Absorption, distribution, metabolism, and excretion (ADME) studies are critical for drug discovery. Conventionally, these tasks, together with other chemical property predictions, rely on domain-specific feature descriptors, or fingerprints. Following the recent success of neural networks, we developed Chemi-Net, a completely data-driven, domain knowledge-free, deep learning method for ADME property prediction. To compare the relative performance of Chemi-Net with Cubist, one of the popular machine learning programs used by Amgen, a large-scale ADME property prediction study was performed on-site at Amgen. The results showed that our deep neural network method improved current methods by a large margin. We foresee that the significantly increased accuracy of ADME prediction seen with Chemi-Net over Cubist will greatly accelerate drug discovery.
A deep neural network based architecture was constructed to predict amino acid side chain conformation with unprecedented accuracy. Amino acid side chain conformation prediction is essential for protein homology modeling and protein design. Current widely-adopted methods use physics-based energy functions to evaluate side chain conformation. Here, using a deep neural network architecture without physics-based assumptions, we have demonstrated that side chain conformation prediction accuracy can be improved by more than 25%, especially for aromatic residues compared with current standard methods. More strikingly, the prediction method presented here is robust enough to identify individual conformational outliers from high resolution structures in a protein data bank without providing its structural factors. We envisage that our amino acid side chain predictor could be used as a quality check step for future protein structure model validation and many other potential applications such as side chain assignment in Cryo-electron microscopy, crystallography model auto-building, protein folding and small molecule ligand docking.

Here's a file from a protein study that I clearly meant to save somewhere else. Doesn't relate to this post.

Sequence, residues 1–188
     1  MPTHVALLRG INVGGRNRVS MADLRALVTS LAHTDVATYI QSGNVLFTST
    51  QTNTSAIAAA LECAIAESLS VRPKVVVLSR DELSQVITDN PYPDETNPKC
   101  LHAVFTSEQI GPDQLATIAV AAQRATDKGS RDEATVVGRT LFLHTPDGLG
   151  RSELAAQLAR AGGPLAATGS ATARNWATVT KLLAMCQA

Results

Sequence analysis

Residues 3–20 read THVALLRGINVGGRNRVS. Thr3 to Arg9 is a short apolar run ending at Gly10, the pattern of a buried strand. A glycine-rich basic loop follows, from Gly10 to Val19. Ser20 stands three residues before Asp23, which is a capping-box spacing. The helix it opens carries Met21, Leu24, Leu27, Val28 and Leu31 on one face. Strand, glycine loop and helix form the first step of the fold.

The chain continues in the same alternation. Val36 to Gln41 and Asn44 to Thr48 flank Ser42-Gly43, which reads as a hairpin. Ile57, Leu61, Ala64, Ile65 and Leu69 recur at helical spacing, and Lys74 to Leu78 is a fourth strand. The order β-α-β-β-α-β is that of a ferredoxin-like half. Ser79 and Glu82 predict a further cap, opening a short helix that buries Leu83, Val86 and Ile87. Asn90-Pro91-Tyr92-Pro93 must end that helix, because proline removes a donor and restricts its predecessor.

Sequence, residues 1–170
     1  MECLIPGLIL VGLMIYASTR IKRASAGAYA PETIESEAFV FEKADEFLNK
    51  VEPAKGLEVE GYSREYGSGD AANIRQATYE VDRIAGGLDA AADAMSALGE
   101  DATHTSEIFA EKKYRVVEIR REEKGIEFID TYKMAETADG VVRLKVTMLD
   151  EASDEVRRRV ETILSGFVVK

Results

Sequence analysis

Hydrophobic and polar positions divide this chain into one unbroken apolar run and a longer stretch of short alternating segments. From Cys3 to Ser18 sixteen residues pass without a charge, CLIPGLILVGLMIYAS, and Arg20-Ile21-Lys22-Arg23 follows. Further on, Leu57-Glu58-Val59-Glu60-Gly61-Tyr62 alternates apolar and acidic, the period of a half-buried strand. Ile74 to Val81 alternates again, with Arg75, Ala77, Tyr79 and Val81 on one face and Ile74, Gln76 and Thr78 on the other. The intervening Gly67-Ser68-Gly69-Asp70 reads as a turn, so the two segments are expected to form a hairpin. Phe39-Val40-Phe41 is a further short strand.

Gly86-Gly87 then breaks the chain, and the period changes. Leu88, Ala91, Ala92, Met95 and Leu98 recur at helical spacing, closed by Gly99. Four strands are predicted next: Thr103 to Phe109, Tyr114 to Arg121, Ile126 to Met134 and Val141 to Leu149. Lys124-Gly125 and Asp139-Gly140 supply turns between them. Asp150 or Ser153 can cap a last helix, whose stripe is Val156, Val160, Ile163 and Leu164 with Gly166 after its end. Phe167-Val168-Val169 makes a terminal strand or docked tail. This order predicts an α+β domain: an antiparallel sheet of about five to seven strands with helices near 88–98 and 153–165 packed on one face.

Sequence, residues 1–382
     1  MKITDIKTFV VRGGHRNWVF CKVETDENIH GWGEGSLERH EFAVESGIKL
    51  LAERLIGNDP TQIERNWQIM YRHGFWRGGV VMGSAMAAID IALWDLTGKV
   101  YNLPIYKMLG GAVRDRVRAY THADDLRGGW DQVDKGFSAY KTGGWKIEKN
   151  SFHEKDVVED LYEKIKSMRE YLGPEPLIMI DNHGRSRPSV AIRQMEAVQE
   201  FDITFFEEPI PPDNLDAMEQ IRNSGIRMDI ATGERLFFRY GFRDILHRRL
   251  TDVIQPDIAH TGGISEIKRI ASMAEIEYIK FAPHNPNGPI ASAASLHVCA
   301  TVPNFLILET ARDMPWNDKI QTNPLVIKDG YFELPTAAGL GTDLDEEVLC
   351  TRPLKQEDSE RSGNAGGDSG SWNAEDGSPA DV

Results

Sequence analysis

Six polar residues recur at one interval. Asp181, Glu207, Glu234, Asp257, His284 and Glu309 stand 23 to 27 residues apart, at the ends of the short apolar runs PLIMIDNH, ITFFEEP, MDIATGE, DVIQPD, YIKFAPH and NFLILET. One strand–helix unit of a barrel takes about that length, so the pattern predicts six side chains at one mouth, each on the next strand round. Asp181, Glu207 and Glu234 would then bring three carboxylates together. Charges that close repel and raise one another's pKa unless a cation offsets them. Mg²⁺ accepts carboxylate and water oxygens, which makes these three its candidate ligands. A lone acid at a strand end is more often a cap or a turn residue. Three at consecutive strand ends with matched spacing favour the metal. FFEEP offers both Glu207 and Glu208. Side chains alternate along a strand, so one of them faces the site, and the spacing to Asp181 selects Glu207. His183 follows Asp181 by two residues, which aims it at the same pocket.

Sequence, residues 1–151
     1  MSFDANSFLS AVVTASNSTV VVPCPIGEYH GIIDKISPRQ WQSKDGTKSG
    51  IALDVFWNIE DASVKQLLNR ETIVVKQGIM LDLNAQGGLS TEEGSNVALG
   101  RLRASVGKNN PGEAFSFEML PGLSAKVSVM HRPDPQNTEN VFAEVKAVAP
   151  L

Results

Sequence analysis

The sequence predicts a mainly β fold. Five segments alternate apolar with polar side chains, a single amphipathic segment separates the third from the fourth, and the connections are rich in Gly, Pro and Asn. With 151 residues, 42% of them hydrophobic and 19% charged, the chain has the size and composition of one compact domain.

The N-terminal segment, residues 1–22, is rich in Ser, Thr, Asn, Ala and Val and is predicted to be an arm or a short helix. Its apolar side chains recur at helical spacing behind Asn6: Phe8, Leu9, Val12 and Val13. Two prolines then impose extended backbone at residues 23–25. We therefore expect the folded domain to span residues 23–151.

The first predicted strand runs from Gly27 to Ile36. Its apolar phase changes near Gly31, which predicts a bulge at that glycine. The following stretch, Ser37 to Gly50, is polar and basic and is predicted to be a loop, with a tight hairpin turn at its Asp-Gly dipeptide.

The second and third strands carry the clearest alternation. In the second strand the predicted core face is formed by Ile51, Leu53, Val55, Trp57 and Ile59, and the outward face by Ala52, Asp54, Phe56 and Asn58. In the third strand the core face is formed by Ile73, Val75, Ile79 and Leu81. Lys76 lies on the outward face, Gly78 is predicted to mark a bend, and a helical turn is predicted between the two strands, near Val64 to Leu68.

Nicotinamide N-methyltransferase (NNMT) catalyzes the N-methylation of pyridine-containing compounds using the cofactor S-5′-adenosyl-L-methionine (SAM) as the methyl group donor. Through the regulation of the levels of its substrates, cofactor, and products, NNMT plays important role in physiology and pathophysiology. Overexpression of NNMT has been implicated in various human diseases. Potent and selective small-molecule NNMT inhibitors are valuable chemical tools for testing biological and therapeutic hypotheses. However, very few NNMT inhibitors have been reported. Here, we describe the discovery of a bisubstrate NNMT inhibitor MS2734 (6), and characterization of this inhibitor in biochemical, biophysical, kinetic, and structural studies. Importantly, we obtained the first crystal structure of human NNMT in complex with a small-molecule inhibitor. The structure of the NNMT–6 complex has unambiguously demonstrated that 6 occupied both substrate and cofactor binding sites. The findings paved the way for developing more potent and selective NNMT inhibitors in the future.